In another stirring chapter of the on-going Plavix debacle, the Bristol-Myers Squibb pleaded guilty to two criminal counts of two violations of the federal False Statements Act and will pay a $1 million fine (the maximum penalty) for lying to the federal government about a patent deal involving the anticoagulant drug Plavix (clopidogrel bisulfate).

The Department of Justice claimed that Bristol-Myers acted to supress competition for Plavix that could have reduced the cost the drug. In 2006, Bristol-Myers and Apotex were in litigation over the validity of the patent for Plavix and were negotiating a settlement of that litigation. However, at the same time, Bristol-Myers was subject to a separate consent decree for unrelated conduct with the Federal Trade Commission that required it to submit any proposed patent settlements for review and approval by the FTC.

The FTC warned Bristol-Myers that it would not approve a settlement of the Plavix litigation if the company agreed not to launch its own generic version of Plavix that would compete against Apotex for generic sales.

Bristol-Myers wanted to protect its patent and struck a deal with Apotex to refrain from selling generic Plavix in the U.S. until mid-2011. But the proposed deal was rejected by state regulators in the U.S., leading Apotex to sell generic Plavix in August 2006. A federal judge issued a injuction three weeks later.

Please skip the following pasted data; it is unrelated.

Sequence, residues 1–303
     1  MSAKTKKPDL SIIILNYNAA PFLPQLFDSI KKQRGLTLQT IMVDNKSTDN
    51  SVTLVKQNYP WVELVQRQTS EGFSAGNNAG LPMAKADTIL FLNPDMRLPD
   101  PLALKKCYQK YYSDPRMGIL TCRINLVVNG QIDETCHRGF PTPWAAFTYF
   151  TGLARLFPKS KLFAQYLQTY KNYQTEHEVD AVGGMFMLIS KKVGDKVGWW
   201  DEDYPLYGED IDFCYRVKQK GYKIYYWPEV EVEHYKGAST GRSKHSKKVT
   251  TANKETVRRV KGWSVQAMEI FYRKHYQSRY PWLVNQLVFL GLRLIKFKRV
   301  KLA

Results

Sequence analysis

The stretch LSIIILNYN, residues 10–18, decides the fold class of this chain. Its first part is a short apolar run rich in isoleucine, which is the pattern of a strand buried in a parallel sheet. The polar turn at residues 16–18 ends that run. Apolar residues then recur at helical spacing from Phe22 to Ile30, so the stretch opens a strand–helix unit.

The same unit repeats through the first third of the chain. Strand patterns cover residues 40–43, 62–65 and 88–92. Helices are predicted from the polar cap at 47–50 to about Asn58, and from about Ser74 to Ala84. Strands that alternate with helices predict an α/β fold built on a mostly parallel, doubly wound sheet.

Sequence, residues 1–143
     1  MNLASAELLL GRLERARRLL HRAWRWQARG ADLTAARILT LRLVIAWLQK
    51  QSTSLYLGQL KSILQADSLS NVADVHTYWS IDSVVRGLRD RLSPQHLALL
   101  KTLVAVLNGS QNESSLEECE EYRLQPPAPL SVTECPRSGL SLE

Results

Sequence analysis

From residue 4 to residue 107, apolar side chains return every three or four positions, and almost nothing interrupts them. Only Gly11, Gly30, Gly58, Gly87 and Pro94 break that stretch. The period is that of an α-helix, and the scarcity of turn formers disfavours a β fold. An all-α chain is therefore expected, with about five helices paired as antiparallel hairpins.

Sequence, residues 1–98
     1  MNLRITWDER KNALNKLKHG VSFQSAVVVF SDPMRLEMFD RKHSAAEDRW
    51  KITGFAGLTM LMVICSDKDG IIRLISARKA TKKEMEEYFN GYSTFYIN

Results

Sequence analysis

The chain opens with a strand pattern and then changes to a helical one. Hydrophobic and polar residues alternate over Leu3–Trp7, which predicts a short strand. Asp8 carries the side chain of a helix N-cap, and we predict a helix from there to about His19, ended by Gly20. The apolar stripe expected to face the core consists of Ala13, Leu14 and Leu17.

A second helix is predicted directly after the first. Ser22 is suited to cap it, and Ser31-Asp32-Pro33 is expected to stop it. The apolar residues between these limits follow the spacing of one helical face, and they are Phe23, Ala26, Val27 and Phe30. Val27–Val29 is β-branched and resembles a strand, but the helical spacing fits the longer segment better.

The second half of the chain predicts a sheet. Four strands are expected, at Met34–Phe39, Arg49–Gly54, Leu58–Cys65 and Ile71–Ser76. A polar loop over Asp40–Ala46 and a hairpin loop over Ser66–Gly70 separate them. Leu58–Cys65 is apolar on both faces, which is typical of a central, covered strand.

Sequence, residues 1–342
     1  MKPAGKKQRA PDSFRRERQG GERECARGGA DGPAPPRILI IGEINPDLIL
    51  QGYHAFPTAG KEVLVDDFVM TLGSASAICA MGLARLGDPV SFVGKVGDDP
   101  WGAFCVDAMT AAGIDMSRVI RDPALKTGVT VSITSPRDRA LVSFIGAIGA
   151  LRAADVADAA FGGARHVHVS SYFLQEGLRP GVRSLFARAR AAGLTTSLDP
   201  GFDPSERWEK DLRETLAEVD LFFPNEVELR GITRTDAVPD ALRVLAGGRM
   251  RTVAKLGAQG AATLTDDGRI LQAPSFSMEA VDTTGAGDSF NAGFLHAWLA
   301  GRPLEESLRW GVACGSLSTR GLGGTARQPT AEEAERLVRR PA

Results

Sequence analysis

After entering into the agreement, Bristol-Myers allegedly concealed it from and then lied about its existence to the FTC. The Department of Justice charged Bristol-Myers with filing two false statements to the FTC as part of its effort to hide part of its agreement with Apotex.

The plea remains subject to a judge’s approval, and authorities continue to investigate the deal. At the same time, the injunction against Apotex remains in place while a federal judge decides a patent-infringement claim against.

The FTC has challenged similar arrangements, arguing that they are anti-competitive and hurt consumers, and asked the Supreme Court to hear a case involving Schering-Plough in which a similar deal was struck. Although the Supreme Court declined to take on that case, the FTC has signalled that it will continue to strike down deals between big drug companies and generic manufacturers that involve so-called “reverse payments”.

Meanwhile, Sanofi-Aventis SA was last seen acting like it doesn’t know Bristol-Myers.

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